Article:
|Thune And Mitch McConnell|
Which One Represents South Dakota?
(photo from dailysignal.com)
Both of these tools of national Republican Party politics are completely ignoring their responsibilities to represent us South Dakotans by blowing off the prospect of even meeting with the President's nominee for the court vacancy. It's ironic that both these Stepford Senators make a big show of their attachment to our region's values, Thune through his affiliation with Heartland Values PAC and Rounds via his campaign rhetoric about being "most in line with South Dakota values." In both cases, I think this categorical rejection of any consideration of Obama's nominee Merrick Garland for SCOTUS is utterly unrepresentative of South Dakota values as I've seen them displayed. Some outstanding South Dakotans I've come to know are keenly reflective and aware, looking at all sides of situations before reaching decisions. Unlike our Senators and their brush-off of Garland, they never say no to a proposition (or appointment) without close examination. How can anybody know if Garland is fit for the Supreme Court without vetting him first? A priori rejection is supposed to be a South Dakota value? Please. The people I know who most consistently espouse South Dakota values are successful entrepreneurs and professionals who independently examine and analyze their options before coming to conclusions and decisions. That, to me, is the essence of successful decision-making and leadership.
I also contend that the approach is the essence of the South Dakota way of doing things, the most defining value of all. How that jibes with the yes-men we sent to the Senate is a mystery to me. Thune in his statement issued yesterday claims that "the American people deserve to have their voices heard" on this nomination. That's ridiculous because the process insures that Americans have their voices heard. A President elected by the people and charged by Article Two in the U. S. Constitution (". . . he SHALL nominate," with "shall" being the controlling word in this compound verb) to make this appointment with the "advice and consent" of the Senate, a body filled with elected officials, does not fall short of Thune's standard for what the American people deserve. If Thune and the rest of the Senate don't think Garland makes the SCOTUS cut, so be it. The American people have had a hearing, loud and clear, via their elected reps.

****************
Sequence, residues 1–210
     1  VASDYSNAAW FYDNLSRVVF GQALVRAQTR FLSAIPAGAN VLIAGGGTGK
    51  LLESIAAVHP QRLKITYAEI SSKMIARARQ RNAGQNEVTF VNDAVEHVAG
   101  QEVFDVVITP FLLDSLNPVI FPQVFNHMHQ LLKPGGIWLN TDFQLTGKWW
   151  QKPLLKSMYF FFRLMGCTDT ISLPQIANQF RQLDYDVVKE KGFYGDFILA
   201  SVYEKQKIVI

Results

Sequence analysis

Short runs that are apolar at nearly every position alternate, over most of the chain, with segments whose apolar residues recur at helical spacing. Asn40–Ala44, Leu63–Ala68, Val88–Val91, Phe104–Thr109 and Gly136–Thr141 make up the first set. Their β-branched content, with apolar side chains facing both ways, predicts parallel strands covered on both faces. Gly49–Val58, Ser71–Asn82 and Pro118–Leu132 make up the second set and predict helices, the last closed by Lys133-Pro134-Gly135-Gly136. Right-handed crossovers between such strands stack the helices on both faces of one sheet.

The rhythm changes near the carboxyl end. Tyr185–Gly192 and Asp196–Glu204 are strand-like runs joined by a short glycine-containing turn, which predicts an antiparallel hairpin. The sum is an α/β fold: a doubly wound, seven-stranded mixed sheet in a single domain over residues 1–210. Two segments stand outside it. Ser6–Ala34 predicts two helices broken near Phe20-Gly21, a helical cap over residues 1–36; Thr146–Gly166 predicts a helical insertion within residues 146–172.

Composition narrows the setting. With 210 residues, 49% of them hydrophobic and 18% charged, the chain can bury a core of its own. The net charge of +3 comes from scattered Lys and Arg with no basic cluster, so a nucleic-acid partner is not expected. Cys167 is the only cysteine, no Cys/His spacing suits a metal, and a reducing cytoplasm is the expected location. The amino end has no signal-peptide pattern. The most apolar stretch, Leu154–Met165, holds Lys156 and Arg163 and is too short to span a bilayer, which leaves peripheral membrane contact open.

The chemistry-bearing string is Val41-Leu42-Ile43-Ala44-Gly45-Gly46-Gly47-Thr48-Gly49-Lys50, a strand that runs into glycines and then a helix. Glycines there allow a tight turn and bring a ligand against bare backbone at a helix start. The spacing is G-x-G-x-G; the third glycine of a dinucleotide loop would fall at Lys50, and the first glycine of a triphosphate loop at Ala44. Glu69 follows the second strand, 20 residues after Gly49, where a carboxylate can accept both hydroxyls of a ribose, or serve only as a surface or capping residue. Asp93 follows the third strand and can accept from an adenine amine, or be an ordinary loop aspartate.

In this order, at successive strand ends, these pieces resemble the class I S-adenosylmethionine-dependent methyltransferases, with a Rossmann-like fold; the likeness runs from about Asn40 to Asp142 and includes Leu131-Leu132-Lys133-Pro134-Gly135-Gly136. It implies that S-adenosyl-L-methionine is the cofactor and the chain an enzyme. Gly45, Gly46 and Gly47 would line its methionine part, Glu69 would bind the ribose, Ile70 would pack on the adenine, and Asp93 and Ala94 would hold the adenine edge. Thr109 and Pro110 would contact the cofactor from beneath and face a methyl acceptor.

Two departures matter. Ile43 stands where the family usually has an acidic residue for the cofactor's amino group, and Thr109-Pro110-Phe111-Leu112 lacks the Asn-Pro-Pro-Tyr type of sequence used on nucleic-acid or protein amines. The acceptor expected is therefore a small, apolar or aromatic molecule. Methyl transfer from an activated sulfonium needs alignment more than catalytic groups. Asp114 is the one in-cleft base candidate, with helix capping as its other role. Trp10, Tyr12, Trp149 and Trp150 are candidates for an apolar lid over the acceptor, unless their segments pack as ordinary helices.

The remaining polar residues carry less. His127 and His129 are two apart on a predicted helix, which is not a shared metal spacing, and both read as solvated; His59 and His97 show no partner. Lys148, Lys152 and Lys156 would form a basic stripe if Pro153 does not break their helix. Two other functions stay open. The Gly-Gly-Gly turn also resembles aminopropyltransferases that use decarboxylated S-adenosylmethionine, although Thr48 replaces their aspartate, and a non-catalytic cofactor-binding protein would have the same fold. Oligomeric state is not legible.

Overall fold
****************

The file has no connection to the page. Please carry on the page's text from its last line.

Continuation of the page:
Fact is, Thune got sent to the Senate on the expectations that he'd do his job, not jawbone with rhetoric cleared by GOP Central. It's a shame that our senior senator is making himself such
|Why Is This Man Laughing?|
Mike Rounds Misquotes The Constitution
(photo from argusleader.com)
Senator Rounds comes up even shorter, actually having the gall to misquote the Constitution. In his statement issued yesterday, Rounds, reciting from a letter sent by Mitch Mconnell to the President, claims that the Constitution says that "the President "may" nominate judges of the Supreme Court." This is such an awful misrepresentation of the Constitution that it calls Mike Rounds' competence into question. As I noted above, the Constitution is clear. The President "SHALL" nominate, Senator Rounds. It doesn't say he MAY nominate. Get it? There's a difference between "shall" and "may." Obama is only following through on his Constitutional mandate. It would be nice if Senators Rounds and Thune would stand up for themselves and us South Dakotans and do the same.